The Polythetic Definition of Religion


Religion is a social phenomenon whose presence varies from culture to culture. Although scholars have tended to define religion either functionally or normatively, there are those who seek to understand its role and function without applying a normative evaluation. This approach, called a polythetic definition, is more recent and seeks to avoid the claim that an evolving social category has an ahistorical essence.

Several sociologists have crafted polythetic definitions of religion, the most prominent being American anthropologist Clifford Geertz. His definition is complex and holistic. It recognizes that a religion is a system of symbols that establishes powerful and pervasive moods and motivations in men by formulating conceptions of a general order of existence and clothing these concepts with such an aura of factuality that the resulting moods and motivations seem uniquely realistic.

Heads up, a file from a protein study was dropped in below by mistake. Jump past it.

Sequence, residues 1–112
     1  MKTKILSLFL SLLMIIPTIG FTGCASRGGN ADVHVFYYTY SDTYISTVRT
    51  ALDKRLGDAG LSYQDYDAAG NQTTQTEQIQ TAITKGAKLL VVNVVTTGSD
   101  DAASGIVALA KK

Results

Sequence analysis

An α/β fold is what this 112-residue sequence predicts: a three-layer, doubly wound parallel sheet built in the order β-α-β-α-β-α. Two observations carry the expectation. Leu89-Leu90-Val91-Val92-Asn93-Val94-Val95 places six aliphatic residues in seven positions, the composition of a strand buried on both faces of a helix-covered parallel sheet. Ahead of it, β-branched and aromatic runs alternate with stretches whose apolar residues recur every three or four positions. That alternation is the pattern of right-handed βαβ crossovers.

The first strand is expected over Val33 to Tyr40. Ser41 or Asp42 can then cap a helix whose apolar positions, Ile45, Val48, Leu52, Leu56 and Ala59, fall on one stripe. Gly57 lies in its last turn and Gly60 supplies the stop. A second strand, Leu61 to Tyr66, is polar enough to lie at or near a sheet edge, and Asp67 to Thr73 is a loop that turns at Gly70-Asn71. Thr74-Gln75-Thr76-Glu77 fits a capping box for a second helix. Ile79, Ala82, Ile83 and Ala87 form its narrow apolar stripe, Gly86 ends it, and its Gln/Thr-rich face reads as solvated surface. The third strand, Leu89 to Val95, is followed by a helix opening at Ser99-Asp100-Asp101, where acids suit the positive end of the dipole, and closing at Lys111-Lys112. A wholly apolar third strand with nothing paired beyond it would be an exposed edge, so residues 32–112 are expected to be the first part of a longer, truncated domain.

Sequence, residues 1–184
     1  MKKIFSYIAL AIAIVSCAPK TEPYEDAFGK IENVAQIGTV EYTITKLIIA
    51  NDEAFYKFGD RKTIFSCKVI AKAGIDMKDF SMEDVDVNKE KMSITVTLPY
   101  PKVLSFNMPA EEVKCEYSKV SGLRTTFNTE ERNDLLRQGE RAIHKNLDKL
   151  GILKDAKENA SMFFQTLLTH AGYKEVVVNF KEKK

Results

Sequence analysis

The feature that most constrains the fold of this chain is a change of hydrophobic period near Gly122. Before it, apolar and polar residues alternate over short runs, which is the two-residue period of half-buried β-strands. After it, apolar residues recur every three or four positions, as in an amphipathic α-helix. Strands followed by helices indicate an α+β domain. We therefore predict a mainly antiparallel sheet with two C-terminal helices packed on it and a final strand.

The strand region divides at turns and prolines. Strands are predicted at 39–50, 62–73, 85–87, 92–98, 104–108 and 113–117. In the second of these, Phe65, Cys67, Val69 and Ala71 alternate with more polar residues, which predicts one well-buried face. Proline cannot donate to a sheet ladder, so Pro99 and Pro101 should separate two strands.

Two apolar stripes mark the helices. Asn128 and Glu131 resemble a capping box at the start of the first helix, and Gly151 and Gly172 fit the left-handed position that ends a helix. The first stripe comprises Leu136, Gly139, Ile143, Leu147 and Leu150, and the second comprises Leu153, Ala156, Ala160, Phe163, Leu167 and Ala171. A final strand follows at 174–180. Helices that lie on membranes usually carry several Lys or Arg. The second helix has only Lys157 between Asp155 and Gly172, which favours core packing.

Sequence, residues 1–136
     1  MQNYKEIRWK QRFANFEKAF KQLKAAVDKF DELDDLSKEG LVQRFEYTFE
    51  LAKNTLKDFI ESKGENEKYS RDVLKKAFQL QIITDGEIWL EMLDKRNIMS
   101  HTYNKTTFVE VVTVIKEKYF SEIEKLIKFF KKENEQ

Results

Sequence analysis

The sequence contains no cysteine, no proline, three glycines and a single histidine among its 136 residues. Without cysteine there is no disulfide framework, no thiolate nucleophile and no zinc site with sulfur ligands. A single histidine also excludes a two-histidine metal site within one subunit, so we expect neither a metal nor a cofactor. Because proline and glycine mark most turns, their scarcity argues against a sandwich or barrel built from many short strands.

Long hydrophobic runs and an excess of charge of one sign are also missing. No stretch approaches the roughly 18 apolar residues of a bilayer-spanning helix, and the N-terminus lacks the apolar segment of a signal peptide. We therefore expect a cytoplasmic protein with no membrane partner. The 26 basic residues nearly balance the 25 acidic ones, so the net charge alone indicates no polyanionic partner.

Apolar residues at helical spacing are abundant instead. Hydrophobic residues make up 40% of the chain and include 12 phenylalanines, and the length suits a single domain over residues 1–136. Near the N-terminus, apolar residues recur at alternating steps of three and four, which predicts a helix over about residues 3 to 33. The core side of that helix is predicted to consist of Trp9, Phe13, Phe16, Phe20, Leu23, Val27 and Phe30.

For many people, religion provides a way to cope with life’s difficulties. It allows them to make sense of the world around them and to live by and sometimes die for what they most value. It also encourages them to continue their efforts in society by providing them with self-flattery based on the belief that they are part of something infinitely grand and glorious.

While some may argue that to define religion in terms of these values and beliefs reveals an inherent Protestant bias, the truth is that there are few other sources for human faith. Humans need to have faith, meaning, and value in their lives and religion is the primary form that that valuation takes.